JP Morgan Analyst Sees 'Opportunities Galore' In Economy
The disruption of Hurricanes Katrina and Rita, combined with having New Orleans "offline," will slow economic growth in the United States in the fourth quarter, but the overall economy is in good shape, according toone economist.
That was the message from James Glassman, senior economist for JP Morgan Chase. Glassman's forecast varied slightly from the optimistic economic predictions given at the recent WesCorp CU Outlook conference here. Glassman said he foresees "opportunities galore" in continued GDP growth and low inflation, though he did see more of a negative impact from Katrina.
"Natural disasters destroy wealth, but typically not GDP. That's because GDP is a measure of how busy we are, not how well off we are," he said. "However, in the case of Katrina, you have a situation where people cannot go back to work."
Of special interest to credit unions watching rising interest rates, Glassman said he expects the Federal Reserve will continue its pattern of raising the Federal Funds rate for a few more meetings. The day before he spoke, the Fed raised the rate to 3.75%.
"Some economists believe we are in the late innings of expansion. They cite as evidence the low, 4.9% unemployment rate," he said. "But I believe we are in the third or fourth inning of the expansion, with a long way to go. I think the Fed will get out of the way when the rate gets to 4% or 4.5%."
The Fed's assumption is: when the economy is good and needs no help, the Funds rate should be just above inflation, Glassman explained. If the Fed stops raising rates relatively soon, that is "taking the foot off the gas." If the Funds rate goes two points above inflation, that would be "stepping on the brakes."
The consensus is, the Fed is near the end of this process, he said. One big reason-there is a great deal of historical precedent for the damage caused when short-term rates are pushed higher than long-term rates. When this happened in 1973 and 1979, the economy went into recession.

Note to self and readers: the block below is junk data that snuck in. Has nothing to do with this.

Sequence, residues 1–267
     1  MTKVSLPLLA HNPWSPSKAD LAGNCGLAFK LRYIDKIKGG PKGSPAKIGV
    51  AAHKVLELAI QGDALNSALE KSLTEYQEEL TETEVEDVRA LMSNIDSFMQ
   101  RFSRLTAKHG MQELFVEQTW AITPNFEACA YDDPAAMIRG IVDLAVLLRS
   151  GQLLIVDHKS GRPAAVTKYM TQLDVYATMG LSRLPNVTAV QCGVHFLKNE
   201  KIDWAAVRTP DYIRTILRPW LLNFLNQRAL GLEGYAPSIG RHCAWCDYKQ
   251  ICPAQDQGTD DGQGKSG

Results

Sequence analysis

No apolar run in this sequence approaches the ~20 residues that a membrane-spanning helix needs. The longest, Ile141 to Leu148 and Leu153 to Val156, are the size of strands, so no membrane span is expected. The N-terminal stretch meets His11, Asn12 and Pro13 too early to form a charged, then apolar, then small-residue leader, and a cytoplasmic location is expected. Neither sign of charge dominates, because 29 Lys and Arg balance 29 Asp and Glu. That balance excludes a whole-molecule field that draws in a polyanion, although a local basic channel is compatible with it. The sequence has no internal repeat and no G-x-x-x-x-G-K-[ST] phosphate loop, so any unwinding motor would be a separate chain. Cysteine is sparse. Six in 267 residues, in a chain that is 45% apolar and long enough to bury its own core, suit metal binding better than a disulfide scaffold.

"There might be one or two more moves, because the Fed would not deliberately risk recession by pushing short-term rates above long-term rates."
Good Growth, Slow Hiring
According to Glassman, recent GDP growth has been comparable to the 1990s, but hiring has been slower. He said outsourcing is not the issue-"if we were outsourcing these jobs, we wouldn't be generating all this GDP"-but faster growth still is needed to spur the creation of more jobs.
One large barrier is the rocketing price of crude oil. Glassman said the U.S. has never seen a recovery accompanied by a surge in oil prices as we've seen in the last two years. He attributed the rise to oil producing countries going "to sleep" the last five years. They saw the U.S. economy in recession in 2001-02 and underinvested. Today, the American economy is expanding, as are the economies of China and India.
"Oil consumption is growing faster than OPEC realized," he said.
Despite climbing fuel prices, inflation remains microscopic, Glassman continued. He said too many people overreact when inflation moves to 1.6% from 1.3%.
"I come from an era when inflation was in double digits. I believe we misinterpret the effect of oil prices. Energy prices will continue to go up, but other prices will go down-except for items such as airline fares that go up because of a rise in jet fuel."
Glassman said that the deregulation of the past 25 years has led to "something big" for the U.S. economy.